“If poor people knew how rich rich people are, there would be riots in the streets”” [Real World Economics Review]. “[E]ven the experts underestimate the degree of inequality in the United States. The usual numbers that are produced and disseminated indicate that, in 2014 (the last year for which data are available), the top 1 percent of Americans owned one third (35 percent) of total household wealth while the bottom 90 percent had less than half (45.3 percent) of the wealth. According to my calculations, illustrated in the chart at the top of the post, the situation in the United States is much worse. In 2014, the top 1 percent (red line) owned almost two thirds of the financial or business wealth, while the bottom 90 percent (blue line) had only six percent. That represents an enormous change from the already-unequal situation in 1978, when the shares were much closer (28.6 percent for the top 1 percent and 23.2 percent for the bottom 90 percent)…. Why the large difference between my numbers and theirs? …. If we take out housing and pensions and calculate just the shares of financial or business wealth—and, thus, equities, fixed-income claims, and business assets—the degree of inequality is much, much worse.”
News of The Wired
“People Don’t Actually Know Themselves Very Well” [The Atlantic]. “Sixteen rigorous studies of thousands of people at work have shown that people’s coworkers are better than they are at recognizing how their personality will affect their job performance. As a social scientist, if I want to get a read on your personality, I could ask you to fill out a survey on how stable, dependable, friendly, outgoing, and curious you are. But I would be much better off asking your coworkers to rate you on those same traits: They’re often more than twice as accurate.”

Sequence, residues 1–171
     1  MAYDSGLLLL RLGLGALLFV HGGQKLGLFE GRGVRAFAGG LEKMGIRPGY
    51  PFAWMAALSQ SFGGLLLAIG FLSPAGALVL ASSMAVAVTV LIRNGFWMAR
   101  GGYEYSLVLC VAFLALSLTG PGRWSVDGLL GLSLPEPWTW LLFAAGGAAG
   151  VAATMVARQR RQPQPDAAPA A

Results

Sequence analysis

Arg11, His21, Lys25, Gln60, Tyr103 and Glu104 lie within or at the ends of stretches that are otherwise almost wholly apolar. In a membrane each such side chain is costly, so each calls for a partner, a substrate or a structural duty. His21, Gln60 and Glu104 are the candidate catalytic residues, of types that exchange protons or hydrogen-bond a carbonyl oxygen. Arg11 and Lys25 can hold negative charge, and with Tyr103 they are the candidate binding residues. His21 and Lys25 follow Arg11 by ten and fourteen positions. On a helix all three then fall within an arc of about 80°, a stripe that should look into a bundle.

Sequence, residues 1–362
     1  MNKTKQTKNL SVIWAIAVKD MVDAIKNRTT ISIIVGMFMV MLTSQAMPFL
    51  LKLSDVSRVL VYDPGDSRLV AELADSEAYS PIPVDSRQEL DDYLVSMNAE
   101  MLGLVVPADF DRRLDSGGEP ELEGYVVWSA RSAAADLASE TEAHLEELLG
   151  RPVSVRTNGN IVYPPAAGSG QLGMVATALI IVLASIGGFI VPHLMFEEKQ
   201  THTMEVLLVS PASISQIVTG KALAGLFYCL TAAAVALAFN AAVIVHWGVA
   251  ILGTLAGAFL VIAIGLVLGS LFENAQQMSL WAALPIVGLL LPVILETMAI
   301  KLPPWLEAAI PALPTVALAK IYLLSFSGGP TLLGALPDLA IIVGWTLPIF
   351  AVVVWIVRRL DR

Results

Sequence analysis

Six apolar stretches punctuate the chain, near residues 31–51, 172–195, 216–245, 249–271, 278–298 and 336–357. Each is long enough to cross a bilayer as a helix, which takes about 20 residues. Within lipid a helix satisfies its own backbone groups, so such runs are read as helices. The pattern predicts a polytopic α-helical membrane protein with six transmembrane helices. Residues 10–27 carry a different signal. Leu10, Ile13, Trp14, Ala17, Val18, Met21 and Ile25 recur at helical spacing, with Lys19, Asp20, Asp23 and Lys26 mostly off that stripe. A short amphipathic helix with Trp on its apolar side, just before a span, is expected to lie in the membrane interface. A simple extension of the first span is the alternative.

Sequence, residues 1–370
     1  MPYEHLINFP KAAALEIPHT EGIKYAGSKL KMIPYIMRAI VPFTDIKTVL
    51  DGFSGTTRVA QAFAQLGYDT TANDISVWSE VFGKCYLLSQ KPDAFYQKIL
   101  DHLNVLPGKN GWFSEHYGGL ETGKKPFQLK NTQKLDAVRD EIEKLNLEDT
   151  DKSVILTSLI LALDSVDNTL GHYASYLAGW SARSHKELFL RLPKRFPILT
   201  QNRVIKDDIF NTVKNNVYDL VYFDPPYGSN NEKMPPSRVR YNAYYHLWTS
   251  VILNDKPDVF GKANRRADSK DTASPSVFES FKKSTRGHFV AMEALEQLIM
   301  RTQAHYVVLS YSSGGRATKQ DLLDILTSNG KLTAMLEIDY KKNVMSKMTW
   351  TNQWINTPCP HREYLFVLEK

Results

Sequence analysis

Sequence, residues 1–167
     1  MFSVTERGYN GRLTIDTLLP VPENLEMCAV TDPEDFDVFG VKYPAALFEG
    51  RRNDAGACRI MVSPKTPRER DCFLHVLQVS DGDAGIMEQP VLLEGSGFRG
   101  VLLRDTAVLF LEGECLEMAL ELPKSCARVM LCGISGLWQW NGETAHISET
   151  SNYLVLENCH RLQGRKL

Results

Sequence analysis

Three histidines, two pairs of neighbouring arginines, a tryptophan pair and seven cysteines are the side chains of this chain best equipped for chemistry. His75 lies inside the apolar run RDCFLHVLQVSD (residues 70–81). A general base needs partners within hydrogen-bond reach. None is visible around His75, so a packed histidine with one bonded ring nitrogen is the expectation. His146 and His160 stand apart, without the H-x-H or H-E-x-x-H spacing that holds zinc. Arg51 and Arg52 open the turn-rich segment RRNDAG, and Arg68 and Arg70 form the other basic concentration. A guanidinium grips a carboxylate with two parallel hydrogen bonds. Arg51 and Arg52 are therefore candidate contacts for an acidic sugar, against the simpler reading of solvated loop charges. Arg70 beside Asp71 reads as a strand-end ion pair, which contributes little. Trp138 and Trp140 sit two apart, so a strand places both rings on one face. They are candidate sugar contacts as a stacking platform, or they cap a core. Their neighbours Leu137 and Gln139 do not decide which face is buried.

“Why being a loner may be good for your health” [BBC]. Forced loneliness, not so good. But: “For those of us who just prefer plenty of alone time, emerging research suggests some good news: there are upsides to being reclusive – for both our work lives and our emotional well-being..,. emerging research suggests some potential benefits to being a loner – including for our creativity, mental health and even leadership skills.”
Readers, feel free to contact me at lambert [UNDERSCORE] strether [DOT] corrente [AT] yahoo [DOT] com, with (a) links, and even better (b) sources I should curate regularly, (c) how to send me a check if you are allergic to PayPal, and (d) to find out how to send me images of plants. Vegetables are fine! Fungi are deemed to be honorary plants! If you want your handle to appear as a credit, please place it at the start of your mail in parentheses: (thus). Otherwise, I will anonymize by using your initials. See the previous Water Cooler (with plant) here. Today’s plant (Chuck Roast):
Chuck Roast writes: “Springtime in South Portland.” Yay!